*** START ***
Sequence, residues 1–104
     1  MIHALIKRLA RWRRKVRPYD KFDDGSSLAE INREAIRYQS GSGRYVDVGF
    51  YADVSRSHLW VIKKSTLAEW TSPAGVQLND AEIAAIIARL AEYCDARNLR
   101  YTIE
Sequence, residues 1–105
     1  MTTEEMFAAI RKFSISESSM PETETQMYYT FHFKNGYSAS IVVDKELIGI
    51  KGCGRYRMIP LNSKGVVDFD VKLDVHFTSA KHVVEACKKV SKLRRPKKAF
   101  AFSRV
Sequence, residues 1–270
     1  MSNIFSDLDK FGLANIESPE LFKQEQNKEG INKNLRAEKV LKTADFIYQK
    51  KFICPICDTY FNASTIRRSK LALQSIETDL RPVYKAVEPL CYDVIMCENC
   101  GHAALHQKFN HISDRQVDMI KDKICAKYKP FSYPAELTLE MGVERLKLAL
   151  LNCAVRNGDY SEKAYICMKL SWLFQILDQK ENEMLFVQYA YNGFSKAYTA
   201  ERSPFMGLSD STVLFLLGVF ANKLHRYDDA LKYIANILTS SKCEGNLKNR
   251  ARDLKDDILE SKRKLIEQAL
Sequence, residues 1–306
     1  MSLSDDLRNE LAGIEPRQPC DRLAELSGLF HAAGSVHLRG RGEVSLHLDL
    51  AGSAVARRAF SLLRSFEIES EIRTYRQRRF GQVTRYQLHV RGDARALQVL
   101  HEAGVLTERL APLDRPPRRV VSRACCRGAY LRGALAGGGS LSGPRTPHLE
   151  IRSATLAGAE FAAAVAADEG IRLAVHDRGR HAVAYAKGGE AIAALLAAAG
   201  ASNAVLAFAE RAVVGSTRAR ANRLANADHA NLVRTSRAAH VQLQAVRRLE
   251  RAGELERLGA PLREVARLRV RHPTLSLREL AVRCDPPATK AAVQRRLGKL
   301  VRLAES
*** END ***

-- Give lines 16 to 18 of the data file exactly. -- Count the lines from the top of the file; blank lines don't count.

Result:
Sequence, residues 1–306
     1  MSLSDDLRNE LAGIEPRQPC DRLAELSGLF HAAGSVHLRG RGEVSLHLDL
    51  AGSAVARRAF SLLRSFEIES EIRTYRQRRF GQVTRYQLHV RGDARALQVL